It’s a hefty chunk of emissions, but only a tiny fraction of the total. The Port’s inventory only measures emissions from cruise ships when they’re moving in Puget Sound or resting at berth — a small part of the overall journey. There aren’t official, readily available numbers for total cruise ship emissions on the Seattle-Alaska run, partly because of their international itineraries. (Some emissions data exists: The European Federation for Transport and Environment, an NGO based in Brussels, found that in 2017, Carnival ships in Europe emitted 10 times more sulfur oxide than all of Europe’s 260 million cars put together.)

“The public deserves to know what the total carbon footprint of Seattle’s cruise sector is,” said Elizabeth Burton, a climate activist with Seattle Cruise Control, “whether or not the port holds itself responsible for the whole thing.”

Citizen math: Without official numbers, climate activists and engineers are making independent calculations of their own, using publicly available information: number of ships, engine type, service speed, time at berth, etc.


Lou Browning, a principal engineering consultant with the international firm ICF, has prepared emissions inventories for over 130 ports, and has worked extensively with the EPA on transportation and emissions. He estimates a Seattle-Juneau run on the Norwegian Bliss (an average-sized vessel making an average trip) emits roughly 3,890 metric tons of greenhouse gases. Multiply that by 211 voyages from Seattle to Alaska in 2019, and you get 820,790 metric tons.

Burton, of Seattle Cruise Control, made some calculations of her own. (For what it’s worth, she’s a former University of Washington math teacher who earned her doctorate in algebraic topology.) According to her computations, greenhouse gas emissions from the six-month Seattle-Alaska cruise season in 2019 were: roughly 1.1 million metric tons from the ships and 763,192 metric tons from the flights (based on Port surveys about how cruise passengers got to Seattle) for a total of 1.89 million metric tons.

By comparison, she said, the city of Seattle’s 2018 emissions inventory listed greenhouse gas emissions for the entire city at 5.76 million metric tons. If her calculations are correct, the 2019 cruise season was equivalent to one-third of the city’s emissions for an entire year.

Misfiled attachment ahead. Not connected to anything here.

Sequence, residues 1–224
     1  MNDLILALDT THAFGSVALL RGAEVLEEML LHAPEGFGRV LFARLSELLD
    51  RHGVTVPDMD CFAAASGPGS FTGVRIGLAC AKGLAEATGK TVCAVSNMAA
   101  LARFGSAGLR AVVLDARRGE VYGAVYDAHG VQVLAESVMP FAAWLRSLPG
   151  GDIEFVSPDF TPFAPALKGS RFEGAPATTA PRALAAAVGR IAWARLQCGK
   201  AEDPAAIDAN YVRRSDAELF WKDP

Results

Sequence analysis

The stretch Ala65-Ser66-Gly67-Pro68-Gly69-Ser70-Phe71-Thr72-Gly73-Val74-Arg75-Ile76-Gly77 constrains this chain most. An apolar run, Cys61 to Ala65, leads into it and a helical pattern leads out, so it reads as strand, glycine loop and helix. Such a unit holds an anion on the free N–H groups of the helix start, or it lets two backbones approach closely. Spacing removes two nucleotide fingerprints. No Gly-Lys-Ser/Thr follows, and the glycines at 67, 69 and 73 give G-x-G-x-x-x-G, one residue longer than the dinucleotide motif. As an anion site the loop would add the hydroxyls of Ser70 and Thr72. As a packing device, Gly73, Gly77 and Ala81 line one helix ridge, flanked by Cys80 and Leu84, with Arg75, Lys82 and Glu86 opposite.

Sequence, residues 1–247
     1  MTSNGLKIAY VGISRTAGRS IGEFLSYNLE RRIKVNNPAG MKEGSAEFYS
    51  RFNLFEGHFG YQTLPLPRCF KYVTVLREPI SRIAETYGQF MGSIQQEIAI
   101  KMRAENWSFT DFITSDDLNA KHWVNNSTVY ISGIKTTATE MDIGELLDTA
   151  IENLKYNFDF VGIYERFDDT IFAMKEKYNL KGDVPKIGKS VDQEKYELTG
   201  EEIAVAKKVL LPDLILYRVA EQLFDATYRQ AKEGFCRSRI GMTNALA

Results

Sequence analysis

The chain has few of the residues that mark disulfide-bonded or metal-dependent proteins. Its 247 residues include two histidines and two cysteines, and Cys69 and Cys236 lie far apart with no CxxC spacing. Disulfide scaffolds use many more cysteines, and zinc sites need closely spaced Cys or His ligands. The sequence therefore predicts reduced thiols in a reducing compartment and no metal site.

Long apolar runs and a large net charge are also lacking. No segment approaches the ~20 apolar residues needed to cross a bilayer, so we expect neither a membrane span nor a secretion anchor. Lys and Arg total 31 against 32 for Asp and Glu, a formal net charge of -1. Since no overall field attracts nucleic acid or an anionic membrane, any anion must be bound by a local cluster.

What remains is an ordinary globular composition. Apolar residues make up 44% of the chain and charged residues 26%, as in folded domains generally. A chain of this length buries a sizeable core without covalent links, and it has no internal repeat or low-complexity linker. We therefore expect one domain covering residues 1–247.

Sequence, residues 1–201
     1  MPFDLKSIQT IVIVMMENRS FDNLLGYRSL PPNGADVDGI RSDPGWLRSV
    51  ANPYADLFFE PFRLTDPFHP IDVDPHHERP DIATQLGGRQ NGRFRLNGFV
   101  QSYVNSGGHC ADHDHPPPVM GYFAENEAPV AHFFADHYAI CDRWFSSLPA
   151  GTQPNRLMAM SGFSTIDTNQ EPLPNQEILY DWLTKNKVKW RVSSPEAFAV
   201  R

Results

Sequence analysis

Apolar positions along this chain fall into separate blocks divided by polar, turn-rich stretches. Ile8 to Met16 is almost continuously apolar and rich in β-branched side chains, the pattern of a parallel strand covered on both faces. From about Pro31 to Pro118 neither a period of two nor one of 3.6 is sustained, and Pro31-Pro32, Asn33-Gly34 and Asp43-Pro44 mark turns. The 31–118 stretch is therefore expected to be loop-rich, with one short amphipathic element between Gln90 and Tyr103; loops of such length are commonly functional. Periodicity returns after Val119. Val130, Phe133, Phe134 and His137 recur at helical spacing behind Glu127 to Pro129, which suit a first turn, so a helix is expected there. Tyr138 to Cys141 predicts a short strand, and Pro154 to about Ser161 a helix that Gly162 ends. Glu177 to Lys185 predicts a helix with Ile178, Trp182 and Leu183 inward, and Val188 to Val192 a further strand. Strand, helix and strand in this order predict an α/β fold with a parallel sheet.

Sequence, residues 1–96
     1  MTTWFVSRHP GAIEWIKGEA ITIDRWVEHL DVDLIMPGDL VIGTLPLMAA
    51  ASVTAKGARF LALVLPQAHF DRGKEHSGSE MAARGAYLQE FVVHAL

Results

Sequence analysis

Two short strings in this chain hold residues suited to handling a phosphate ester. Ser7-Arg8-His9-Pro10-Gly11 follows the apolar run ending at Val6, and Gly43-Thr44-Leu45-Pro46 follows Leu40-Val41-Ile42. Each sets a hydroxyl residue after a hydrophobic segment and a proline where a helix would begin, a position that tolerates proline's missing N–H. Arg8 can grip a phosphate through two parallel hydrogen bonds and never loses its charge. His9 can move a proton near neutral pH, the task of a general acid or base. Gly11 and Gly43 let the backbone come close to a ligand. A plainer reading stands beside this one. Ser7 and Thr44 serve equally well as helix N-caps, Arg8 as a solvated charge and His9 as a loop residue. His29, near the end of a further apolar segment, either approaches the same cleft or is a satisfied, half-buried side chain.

Burton knows her conclusions, like Browning’s, are approximations based on the currently available information. “My intention,” she said, “was to get a ballpark estimate.”

Carbon neutral by 2050: When you ask Port officials about emissions, they mention shore power — systems that let ships plug into Seattle’s electric grid, which is cleaner than burning fossil fuels to keep the lights on and the ice cold. According to the Port, the average ship that plugs into shore power during its time in berth avoids 34 metric tons of greenhouse gases.

Of the 211 cruise vessel calls in 2019, 85 (or 40%) plugged into shore power — partly because it’s only available in two of Seattle’s three cruise berths, and partly because not all ships have the proper equipment to plug in.


How does the Port plan to be carbon neutral by 2050?

Port officials cite two main roads toward that goal. The first is electrification, including more shore power. Two cruise berths, in Smith Cove, have shore power. The third — Pier 66, just north of Pike Place Market — plans to have shore power by 2023.

The second road to carbon neutrality is trickier: Weaning ships off fossil fuels.

“The technological piece is the hardest nut to crack,” said Alex Adams, environmental program manager at the Port of Seattle. “It’s going to take a broad coalition of partnerships, research and development, and international and domestic policy to push these ships with international itineraries toward zero emissions.”

What cruise lines are doing: Cruise executives say they’re hopeful, and taking the problem seriously. “The ships of today are better than the ships of 10 years ago, and they’re far better than what they were 20 years ago,” said Sherman, the executive vice president with Norwegian.

Lutoff-Perlo, the Celebrity CEO, ticks off her cruise line’s accomplishments: eliminating single-use plastic and bottled water, meeting and exceeding regulations, using scrubbers for cleaner emissions, researching alternative fuels, building new ships to be compatible with shore power. CLIA has announced its target: a 40% reduction in industry carbon emissions (compared to 2008 emissions) by 2030.

A port commissioner’s final analysis: “Look, I didn’t come to the Port to stop the Port,” said Felleman, Port of Seattle Commission president. “Just because I don’t want an Exxon Valdez here doesn’t mean I’m going to prohibit tankers in Puget Sound. We’re in the cruise ship business, and if we’re going to be in it, I want to make it as green as we can. I’m not saying ‘go take a cruise’ — but if you are going to take a cruise, this is the place to do it.”